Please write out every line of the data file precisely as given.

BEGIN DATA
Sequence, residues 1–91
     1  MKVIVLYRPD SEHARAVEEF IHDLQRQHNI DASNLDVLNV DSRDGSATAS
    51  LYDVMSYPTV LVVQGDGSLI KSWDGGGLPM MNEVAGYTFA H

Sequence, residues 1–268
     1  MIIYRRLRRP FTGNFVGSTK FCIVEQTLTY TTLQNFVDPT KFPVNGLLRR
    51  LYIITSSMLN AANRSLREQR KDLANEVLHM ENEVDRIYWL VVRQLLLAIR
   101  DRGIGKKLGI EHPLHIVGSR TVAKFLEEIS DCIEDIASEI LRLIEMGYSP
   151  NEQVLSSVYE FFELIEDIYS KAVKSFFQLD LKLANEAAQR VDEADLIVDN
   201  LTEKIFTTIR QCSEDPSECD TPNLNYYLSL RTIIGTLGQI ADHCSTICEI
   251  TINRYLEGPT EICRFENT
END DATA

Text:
Sequence, residues 1–91
     1  MKVIVLYRPD SEHARAVEEF IHDLQRQHNI DASNLDVLNV DSRDGSATAS
    51  LYDVMSYPTV LVVQGDGSLI KSWDGGGLPM MNEVAGYTFA H

Sequence, residues 1–268
     1  MIIYRRLRRP FTGNFVGSTK FCIVEQTLTY TTLQNFVDPT KFPVNGLLRR
    51  LYIITSSMLN AANRSLREQR KDLANEVLHM ENEVDRIYWL VVRQLLLAIR
   101  DRGIGKKLGI EHPLHIVGSR TVAKFLEEIS DCIEDIASEI LRLIEMGYSP
   151  NEQVLSSVYE FFELIEDIYS KAVKSFFQLD LKLANEAAQR VDEADLIVDN
   201  LTEKIFTTIR QCSEDPSECD TPNLNYYLSL RTIIGTLGQI ADHCSTICEI
   251  TINRYLEGPT EICRFENT